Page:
The perils of welfare dependency – but not the kind you’re thinking of

Published on Tax and Welfare

For the entire 30 years of my working life, reforms to our welfare system have marched to the drumbeat of calls to reduce “dependency”, by getting more people out to work. So hard have governments tried to achieve this aim that they have created a new kind of dependency, this time among working families receiving huge sums in tax credits. Even though this can sometimes mean giving someone as much state support in work as they would have got out of work (especially if working requires expensive, state-supported childcare costs), it has brought huge benefits to families. Not only can working feel good in itself (though not in all jobs), but the combination of state handouts with wages has brought many families out of poverty.

But this new kind of dependency has its downside. It potentially lets employers off the hook by making low pay seem tolerable. It traps families on incomes that are often still not adequate, as my latest report on minimum income standards, just published by the Joseph Rowntree Foundation, confirms. The trap is created by the sharp withdrawal of the state assistance as your earnings rise, so typically you have to earn £4 to become £1 better off.

And perhaps most perilous in the present climate, it makes low paid families with children incredibly vulnerable to the effect of cuts in this support on which they have become so dependent. This was hammered home in our latest minimum income standard calculations. Our headline finding has been something of a wake-up call: a typical low income family with children needs to earn over 20% more today than they did a year ago just to reach a minimum acceptable living standard.

How can this be? This huge increase is due in large part to a cut in the childcare element of the Working Tax Credit, from 80% to 70% of eligible childcare costs. This doesn’t sound dramatic, until you do the maths. A family with two young children paying out £200 a week in childcare will need to find an extra £20 a week. That’s £1000 a year. But suppose someone in that family extended their hours so that they earned an extra £1000 – would that be enough to make up for the shortfall? No, because the state would assess them as needing fewer tax credits on the higher income, and they’d also pay more taxes: in fact, they’d typically be only £270 better off. To recover the whole £1000, they’d have to increase their earnings by a massive £3700.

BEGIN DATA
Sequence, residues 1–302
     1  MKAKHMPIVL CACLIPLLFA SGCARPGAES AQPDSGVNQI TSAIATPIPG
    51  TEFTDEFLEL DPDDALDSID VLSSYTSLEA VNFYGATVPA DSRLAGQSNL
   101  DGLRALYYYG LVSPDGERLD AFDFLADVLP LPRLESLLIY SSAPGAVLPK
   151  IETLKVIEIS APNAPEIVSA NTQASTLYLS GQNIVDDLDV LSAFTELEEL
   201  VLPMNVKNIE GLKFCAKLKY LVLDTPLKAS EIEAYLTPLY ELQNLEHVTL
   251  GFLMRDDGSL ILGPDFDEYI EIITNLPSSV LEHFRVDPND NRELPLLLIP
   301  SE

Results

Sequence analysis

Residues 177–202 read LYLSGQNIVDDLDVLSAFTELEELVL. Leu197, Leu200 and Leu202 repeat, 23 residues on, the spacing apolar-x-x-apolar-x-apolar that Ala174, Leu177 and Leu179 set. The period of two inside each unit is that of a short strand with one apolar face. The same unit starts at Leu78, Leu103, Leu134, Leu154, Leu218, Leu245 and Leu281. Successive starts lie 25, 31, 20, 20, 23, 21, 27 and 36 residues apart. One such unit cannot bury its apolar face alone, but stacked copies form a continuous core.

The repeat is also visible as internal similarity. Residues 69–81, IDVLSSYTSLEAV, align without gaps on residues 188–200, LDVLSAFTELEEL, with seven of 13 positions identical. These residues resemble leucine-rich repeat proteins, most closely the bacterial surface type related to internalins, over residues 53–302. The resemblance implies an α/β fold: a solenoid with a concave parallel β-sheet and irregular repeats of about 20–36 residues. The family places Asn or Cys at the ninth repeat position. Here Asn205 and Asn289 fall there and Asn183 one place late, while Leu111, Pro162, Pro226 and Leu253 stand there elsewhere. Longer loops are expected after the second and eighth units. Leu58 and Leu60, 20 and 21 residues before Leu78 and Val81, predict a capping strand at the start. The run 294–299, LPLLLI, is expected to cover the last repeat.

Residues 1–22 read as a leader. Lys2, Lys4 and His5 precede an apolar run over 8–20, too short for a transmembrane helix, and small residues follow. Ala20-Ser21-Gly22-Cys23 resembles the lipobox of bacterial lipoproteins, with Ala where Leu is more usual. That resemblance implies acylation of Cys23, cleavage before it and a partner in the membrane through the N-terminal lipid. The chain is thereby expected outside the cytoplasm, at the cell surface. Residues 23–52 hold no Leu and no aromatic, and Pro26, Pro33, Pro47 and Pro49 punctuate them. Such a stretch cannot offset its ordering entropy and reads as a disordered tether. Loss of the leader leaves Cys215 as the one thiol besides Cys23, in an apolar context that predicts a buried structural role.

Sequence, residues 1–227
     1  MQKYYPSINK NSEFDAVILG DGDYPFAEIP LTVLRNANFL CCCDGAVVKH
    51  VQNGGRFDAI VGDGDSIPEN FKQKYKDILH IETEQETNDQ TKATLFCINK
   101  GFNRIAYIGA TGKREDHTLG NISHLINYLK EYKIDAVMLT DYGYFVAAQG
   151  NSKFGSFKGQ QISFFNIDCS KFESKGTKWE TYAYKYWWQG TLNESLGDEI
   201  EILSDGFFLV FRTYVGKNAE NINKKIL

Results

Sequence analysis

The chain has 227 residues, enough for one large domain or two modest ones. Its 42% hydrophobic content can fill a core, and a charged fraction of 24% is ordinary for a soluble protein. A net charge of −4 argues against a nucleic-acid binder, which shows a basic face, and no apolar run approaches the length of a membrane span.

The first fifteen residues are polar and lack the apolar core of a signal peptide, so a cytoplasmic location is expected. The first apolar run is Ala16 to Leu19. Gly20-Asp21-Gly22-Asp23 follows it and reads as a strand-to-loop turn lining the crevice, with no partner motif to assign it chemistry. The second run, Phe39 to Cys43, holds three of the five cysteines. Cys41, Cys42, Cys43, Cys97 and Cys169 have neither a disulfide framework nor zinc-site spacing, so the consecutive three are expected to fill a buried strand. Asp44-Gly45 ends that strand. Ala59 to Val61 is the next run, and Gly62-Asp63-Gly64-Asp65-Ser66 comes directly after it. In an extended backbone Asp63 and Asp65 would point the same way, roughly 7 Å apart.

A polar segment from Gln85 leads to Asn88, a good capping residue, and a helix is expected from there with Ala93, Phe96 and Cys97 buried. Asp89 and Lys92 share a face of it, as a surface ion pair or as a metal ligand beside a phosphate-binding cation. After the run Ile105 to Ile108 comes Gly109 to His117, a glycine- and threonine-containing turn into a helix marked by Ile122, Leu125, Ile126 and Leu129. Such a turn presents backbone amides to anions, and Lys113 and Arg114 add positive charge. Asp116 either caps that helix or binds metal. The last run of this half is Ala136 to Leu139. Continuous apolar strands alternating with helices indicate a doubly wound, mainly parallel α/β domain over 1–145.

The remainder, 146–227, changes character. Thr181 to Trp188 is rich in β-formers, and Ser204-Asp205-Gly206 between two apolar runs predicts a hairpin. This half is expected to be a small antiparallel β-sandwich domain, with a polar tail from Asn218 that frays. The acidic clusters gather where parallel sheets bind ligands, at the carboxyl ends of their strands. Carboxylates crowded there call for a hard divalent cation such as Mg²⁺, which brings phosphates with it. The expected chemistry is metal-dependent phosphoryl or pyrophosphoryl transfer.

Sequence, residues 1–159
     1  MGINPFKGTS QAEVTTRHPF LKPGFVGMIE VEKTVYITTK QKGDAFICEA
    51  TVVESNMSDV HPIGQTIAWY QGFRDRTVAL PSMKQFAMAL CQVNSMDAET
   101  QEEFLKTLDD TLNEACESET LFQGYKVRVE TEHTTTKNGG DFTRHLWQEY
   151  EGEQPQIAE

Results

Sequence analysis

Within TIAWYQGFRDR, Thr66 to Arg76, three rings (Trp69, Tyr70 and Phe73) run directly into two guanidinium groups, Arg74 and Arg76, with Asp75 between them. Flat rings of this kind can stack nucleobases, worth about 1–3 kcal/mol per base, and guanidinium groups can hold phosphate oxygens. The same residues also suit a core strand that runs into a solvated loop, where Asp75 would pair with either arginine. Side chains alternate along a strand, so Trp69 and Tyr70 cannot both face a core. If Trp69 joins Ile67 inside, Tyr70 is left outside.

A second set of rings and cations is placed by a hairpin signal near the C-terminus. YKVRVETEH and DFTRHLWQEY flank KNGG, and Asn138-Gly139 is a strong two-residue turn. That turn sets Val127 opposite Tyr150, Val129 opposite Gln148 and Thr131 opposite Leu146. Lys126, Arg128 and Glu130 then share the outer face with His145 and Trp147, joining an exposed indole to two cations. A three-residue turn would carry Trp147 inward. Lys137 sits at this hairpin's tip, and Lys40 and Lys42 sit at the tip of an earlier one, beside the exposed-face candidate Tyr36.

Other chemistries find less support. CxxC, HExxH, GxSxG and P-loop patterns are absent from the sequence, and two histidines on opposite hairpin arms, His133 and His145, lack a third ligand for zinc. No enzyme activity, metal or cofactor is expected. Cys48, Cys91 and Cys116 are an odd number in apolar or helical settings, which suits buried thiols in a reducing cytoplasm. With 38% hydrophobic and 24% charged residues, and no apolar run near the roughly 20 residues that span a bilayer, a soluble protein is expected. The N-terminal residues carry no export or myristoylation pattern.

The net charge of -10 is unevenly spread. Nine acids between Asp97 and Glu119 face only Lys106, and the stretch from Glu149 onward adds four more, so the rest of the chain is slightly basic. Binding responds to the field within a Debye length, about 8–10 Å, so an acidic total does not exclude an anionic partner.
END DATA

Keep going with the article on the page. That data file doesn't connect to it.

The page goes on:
This example underlines two aspects of in-work dependency for families on low wages today. One is that the amount that the state gives you has become central to the very decision of whether you can afford to work at all. The other is that you are at the mercy of where the state sets the level of support, because your power to improve your net income above that point is slight. 

To wean working families off this level of dependency over the long term will be incredibly difficult. Reducing the level of support may not in itself cause employers to fill the breach, and risks causing severe hardship. A gradual move towards a better baseline of pay is the only real way to make progress. This makes the debate over living wages more pertinent than ever.